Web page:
Turkish President Recep Tayyip Erdogan on Friday kicked off his campaign for a ‘yes’ vote at the April 16 referendum on expanding his powers, predicting Turks will back the changes he craves.
Analysts are predicting that the outcome of the referendum on the new constitution to create an executive presidency is no foregone conclusion and Erdogan is expected to criss-cross Turkey in the next two months to mobilize voters.
He kicked off the campaign — after returning from a tour of Gulf countries — in the eastern city of Kahramanmaras, one of the areas that gave him the most votes in the 2014 presidential polls.
“We are on the threshold of a historic decision,” Erdogan told thousands of supporters in Kahramanmaras in a speech carried live on television.
“April 16 will be the night of carrying out reform in Turkey,” he added.
Opponents fear that the touted presidential system — which would discard the post of prime minister for the first time in Turkey’s history — would cement one-man rule in the country under Erdogan.
But Erdogan argued that the new system would clearly delineate between the executive and the legislature, so that “everyone can concentrate on their own business”.
“The president will rule the country, the parliament will enact the laws and the judiciary will look after the legal process,” he said.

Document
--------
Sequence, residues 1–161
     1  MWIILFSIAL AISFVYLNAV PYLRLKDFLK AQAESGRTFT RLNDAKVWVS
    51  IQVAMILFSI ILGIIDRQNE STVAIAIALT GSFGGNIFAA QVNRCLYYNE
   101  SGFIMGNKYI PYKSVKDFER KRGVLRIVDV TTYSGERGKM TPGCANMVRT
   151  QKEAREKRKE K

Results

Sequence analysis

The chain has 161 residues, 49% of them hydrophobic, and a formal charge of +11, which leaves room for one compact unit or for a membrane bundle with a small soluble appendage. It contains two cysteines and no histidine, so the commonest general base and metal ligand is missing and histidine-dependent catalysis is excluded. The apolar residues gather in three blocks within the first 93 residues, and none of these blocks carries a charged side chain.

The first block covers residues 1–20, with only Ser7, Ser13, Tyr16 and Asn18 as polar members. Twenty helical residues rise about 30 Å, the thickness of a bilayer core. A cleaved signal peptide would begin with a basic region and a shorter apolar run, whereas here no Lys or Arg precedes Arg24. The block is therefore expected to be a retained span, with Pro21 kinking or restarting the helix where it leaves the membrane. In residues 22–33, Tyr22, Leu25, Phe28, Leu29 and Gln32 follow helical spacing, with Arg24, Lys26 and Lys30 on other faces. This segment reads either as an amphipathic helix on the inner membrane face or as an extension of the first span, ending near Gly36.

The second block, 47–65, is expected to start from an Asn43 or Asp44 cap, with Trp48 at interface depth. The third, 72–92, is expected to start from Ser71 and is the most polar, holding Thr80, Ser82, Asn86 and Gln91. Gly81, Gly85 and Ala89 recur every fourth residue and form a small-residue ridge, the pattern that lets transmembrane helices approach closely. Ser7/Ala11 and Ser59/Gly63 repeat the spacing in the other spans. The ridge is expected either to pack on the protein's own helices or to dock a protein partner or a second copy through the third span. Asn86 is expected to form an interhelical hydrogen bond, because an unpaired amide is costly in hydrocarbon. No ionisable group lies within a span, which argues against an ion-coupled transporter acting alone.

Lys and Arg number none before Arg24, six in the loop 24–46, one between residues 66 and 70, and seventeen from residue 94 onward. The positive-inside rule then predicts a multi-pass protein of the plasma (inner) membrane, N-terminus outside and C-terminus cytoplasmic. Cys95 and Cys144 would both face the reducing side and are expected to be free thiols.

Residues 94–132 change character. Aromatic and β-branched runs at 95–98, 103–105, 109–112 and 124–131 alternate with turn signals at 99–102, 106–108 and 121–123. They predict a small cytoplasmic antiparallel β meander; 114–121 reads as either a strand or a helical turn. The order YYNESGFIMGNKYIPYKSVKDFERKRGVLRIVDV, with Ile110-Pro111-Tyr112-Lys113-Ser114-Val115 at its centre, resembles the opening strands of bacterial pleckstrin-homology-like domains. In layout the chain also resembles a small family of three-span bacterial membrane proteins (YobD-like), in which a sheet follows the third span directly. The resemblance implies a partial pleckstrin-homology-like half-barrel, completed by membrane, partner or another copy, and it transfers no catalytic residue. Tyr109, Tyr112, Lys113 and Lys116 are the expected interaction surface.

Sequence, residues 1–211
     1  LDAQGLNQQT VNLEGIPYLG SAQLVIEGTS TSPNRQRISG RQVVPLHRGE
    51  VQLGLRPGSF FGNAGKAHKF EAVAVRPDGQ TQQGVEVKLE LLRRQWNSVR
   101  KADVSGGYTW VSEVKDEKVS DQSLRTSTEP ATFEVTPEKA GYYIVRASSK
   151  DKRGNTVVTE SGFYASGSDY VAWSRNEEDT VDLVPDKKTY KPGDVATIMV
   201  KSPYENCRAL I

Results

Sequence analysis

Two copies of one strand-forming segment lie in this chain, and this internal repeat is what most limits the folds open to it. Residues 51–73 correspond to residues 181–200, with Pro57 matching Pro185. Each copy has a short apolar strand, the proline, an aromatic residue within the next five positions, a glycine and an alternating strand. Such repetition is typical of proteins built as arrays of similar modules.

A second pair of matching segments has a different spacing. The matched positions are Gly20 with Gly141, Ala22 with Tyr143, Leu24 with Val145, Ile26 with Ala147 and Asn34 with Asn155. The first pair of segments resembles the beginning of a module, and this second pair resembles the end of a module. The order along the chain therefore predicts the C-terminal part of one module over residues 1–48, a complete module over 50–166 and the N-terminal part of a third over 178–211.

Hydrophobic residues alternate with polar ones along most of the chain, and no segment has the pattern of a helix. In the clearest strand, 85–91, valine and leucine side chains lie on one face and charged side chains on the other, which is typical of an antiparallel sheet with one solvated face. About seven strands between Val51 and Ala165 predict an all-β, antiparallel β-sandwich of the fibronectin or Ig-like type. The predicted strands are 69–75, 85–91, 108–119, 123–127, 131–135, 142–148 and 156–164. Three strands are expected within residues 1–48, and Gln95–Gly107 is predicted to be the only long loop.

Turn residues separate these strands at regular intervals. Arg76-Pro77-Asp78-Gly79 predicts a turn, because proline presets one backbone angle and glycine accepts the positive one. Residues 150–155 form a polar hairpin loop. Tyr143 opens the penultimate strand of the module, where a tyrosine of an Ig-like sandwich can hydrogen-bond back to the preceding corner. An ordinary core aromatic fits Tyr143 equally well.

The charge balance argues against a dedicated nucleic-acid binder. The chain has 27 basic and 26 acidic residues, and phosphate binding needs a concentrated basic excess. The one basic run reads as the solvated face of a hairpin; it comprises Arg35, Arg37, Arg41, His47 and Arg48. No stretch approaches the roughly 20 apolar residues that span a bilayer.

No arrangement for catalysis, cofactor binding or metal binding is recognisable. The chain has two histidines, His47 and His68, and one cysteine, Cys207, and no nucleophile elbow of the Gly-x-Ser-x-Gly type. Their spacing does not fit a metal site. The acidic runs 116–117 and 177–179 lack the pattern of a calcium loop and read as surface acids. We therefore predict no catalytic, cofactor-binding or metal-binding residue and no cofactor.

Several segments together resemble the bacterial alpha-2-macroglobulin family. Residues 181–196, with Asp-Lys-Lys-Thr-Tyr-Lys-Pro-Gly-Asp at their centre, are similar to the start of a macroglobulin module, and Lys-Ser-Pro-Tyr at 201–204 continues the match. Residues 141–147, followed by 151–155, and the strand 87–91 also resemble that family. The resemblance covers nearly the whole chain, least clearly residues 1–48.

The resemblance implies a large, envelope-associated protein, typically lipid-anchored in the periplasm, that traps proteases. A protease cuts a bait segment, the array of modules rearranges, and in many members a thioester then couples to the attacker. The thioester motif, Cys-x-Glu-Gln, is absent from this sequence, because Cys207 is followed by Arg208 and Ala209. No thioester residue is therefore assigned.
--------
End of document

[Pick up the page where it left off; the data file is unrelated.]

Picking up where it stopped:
Erdogan said that the new system would mean there would be no return to the “old Turkey” of short-lived coalition governments, which, he said sometimes lasted just 25 days and had an average survival rate of 16 months.
“My friends, that Turkey is finished. Have you not forgotten those nightmarish days of political conflicts and economic crises?” he asked.
Relations with the West and have strained in the wake of the July 15 coup aimed at ousting Erdogan from power, which was followed by a crackdown whose magnitude is unprecedented in Turkish history.
The president reaffirmed he would approve legislation re-imposing the death penalty in Turkey — if it was approved by parliament after the referendum.
Re-imposing the death penalty — abolished in 2004 — would spell the end of Turkey’s embattled bid to join the European Union.
But Erdogan said he was not bothered by what the EU had to say about the issue.
“I’m not interested in what the European Union, says, in what Hans and George say,” said Erdogan, using two typical European first names.
“What interests me is what Ahmet, Mehmet, Ayse, Fatma say,” he said, using traditional Turkish Muslim names. “I am interested in what Allah (God) says!”